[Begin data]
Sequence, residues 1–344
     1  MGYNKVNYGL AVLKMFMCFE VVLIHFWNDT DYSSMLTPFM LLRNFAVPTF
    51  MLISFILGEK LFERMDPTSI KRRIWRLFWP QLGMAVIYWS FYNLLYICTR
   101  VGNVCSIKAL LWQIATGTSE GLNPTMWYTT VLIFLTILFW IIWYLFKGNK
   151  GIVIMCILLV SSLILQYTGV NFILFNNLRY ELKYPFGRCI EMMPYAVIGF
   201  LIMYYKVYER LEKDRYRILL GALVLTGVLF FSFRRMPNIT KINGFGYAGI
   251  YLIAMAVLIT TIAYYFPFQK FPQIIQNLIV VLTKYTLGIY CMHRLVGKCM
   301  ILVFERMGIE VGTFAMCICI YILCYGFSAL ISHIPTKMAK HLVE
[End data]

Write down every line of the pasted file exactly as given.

Sequence, residues 1–344
     1  MGYNKVNYGL AVLKMFMCFE VVLIHFWNDT DYSSMLTPFM LLRNFAVPTF
    51  MLISFILGEK LFERMDPTSI KRRIWRLFWP QLGMAVIYWS FYNLLYICTR
   101  VGNVCSIKAL LWQIATGTSE GLNPTMWYTT VLIFLTILFW IIWYLFKGNK
   151  GIVIMCILLV SSLILQYTGV NFILFNNLRY ELKYPFGRCI EMMPYAVIGF
   201  LIMYYKVYER LEKDRYRILL GALVLTGVLF FSFRRMPNIT KINGFGYAGI
   251  YLIAMAVLIT TIAYYFPFQK FPQIIQNLIV VLTKYTLGIY CMHRLVGKCM
   301  ILVFERMGIE VGTFAMCICI YILCYGFSAL ISHIPTKMAK HLVE